SMU Law Review


SMU Law Review is the flagship journal of SMU Dedman School of law, publishing articles by prominent legal scholars and practitioners with international reach.

SMU Law Review is part of the SMU Law Review Association which also publishes the SMU Law Review Forum, the Journal of Air Law and Commerce, and the SMU Annual Texas Survey. Together, the Association’s student members publish four issues annually for the SMU Law Review. One issue each year is a Symposium issue focusing on timely legal topics. Recent Symposium issues have highlighted the role of artificial intelligence in a fair and just society, criminal justice reform, the right to die, and free speech under the First Amendment. Additionally, SMU Law Review publishes four to five Comments written by SMU Law Review Association’s student members. Serving as more than just a publication, the SMU Law Review also sponsors the annual SMU Corporate Counsel Symposium.

Before publishing as the SMU Law Review in 1992, the journal began in 1947 as Texas Law and Legislation and then as the Southwestern Law Journal in 1948.


Recent Articles in Volume 75, Issue 4 (2022)

The Flubs that Bind: Stare Decisis and the Problem of Indeliberate Doctrinal Misstatements in Appellate Opinions

By Richard Luedeman – Speak to enough lawyers (especially litigators) about their experiences grappling with binding appellate case law in their jurisdictions, and a significant number of them will complain about statements in appellate case law that patently contradict prior precedent, incorrectly articulate legal standards, or otherwise mangle the doctrine in an area. The image of courts as deliberative doctrine-producing machines ignores the reality that certain statements in judicial opinions might not have been carefully, deliberately constructed. Often, the result is harmless. But in some instances, doubt about the deliberateness of dubious doctrinal statements in judicial opinions can become an unavoidable problem for litigants and judges in future cases. Conventional lawyering tools—distinguishing cases factually or characterizing statements as dicta—are ill-suited to address language in judicial opinions that sets out generalizable doctrine (rather than fact-bound conclusions about a particular case) that is central to the court’s analysis and yet difficult or impossible to square with logic or with preexisting statements of the same doctrine. [...]

Bostock: A Clean Cut into the Gordian Knot of Causation

By Melissa Essary – Regardless of merit, most individual employment discrimination claims die a fast death at summary judgment. Judges apply the fine mesh net created by McDonnell Douglas v. Green, and most cases are caught in its trap. This dated, obfuscatory Supreme Court case creates a complex and flawed binary approach to causation: either discrimination or an innocent reason caused an adverse employment action. For decades, all three levels of the federal judiciary have wrestled with McDonnell Douglas, creating snarls and knots in construing causation. Because of this causal confusion, the ideal of equal opportunity in employment is on life-support. [...]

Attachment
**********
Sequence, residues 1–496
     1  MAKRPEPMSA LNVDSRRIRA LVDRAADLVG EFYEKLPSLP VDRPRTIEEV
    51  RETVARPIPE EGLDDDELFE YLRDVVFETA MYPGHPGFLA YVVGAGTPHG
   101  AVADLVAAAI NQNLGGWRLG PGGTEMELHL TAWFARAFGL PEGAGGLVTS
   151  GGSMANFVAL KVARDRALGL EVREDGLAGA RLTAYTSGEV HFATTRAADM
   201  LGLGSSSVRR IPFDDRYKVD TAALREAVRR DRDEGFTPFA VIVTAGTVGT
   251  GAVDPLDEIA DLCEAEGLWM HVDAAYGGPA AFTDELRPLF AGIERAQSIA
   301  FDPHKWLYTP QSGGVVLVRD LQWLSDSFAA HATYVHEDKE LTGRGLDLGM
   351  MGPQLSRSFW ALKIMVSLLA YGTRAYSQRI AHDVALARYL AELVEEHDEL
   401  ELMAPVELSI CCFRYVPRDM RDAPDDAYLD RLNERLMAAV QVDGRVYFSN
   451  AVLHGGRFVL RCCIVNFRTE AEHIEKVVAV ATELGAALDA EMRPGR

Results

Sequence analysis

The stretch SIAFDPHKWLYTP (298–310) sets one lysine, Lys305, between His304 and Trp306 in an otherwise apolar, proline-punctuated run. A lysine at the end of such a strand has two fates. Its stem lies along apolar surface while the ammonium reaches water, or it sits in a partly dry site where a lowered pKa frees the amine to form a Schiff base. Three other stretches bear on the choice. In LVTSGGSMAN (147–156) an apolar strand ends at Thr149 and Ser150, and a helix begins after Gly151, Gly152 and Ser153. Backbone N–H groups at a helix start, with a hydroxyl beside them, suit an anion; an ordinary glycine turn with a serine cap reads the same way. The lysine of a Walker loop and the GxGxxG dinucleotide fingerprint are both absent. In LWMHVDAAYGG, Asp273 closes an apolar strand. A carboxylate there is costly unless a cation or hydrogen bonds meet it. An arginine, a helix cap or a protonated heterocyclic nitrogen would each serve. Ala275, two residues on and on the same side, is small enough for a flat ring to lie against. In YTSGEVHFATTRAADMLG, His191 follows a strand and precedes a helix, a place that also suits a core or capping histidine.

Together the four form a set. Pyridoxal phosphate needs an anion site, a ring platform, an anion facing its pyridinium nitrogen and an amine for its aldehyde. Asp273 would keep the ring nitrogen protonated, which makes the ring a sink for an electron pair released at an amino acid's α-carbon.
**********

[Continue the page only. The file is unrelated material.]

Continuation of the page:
AI, Equity, and the IP Gap

By Daryl Lim – Artificial intelligence (AI) has helped determine vaccine recipients, prioritize emergency room admissions, and ascertain individual hires, sometimes doing so inequitably. As we emerge from the Pandemic, technological progress and efficiency demands continue to press all areas of the law, including intellectual property (IP) law, toward incorporating more AI into legal practice. This may be good when AI promotes economic and social justice in the IP system. However, AI may amplify inequity as biased developers create biased algorithms with biased inputs or rely on biased proxies. This Article argues that policymakers need to take a thoughtful and concerted approach to graft AI into IP law and practice if social justice principles of access, inclusion, and empowerment flow from their union. It explores what it looks like to obtain AI justice in the IP context and focuses on two areas where IP law impedes equitable AI-related outcomes. The first involves the civil rights concerns that stem from trade secrets blocking access and deflecting accountability in biased algorithms or data. The second concerns the patent and copyright doctrine biases perpetuating historical inequity in AI-augmented processes. The Article also ad- dresses how equity by design should look and provides a roadmap for implementing equity audits to mitigate bias. Finally, it briefly examines how AI would assist with adjudicating equitable IP law doctrines, which also tests the outer limits of what bounded AI processes can do. [...]


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Administrative Assistant
TaLibra Ferguson

Ellie Johnson

Elan Wilson

Managing Editor
Colin Hickl

Corporate Counsel Symposium Editors
Serene Zidan
Olivia Mae Vrielink



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Corporate Counsel Symposium

Journal of Air Law and Commerce

SMU Annual Texas Survey

SMU Law Review Forum

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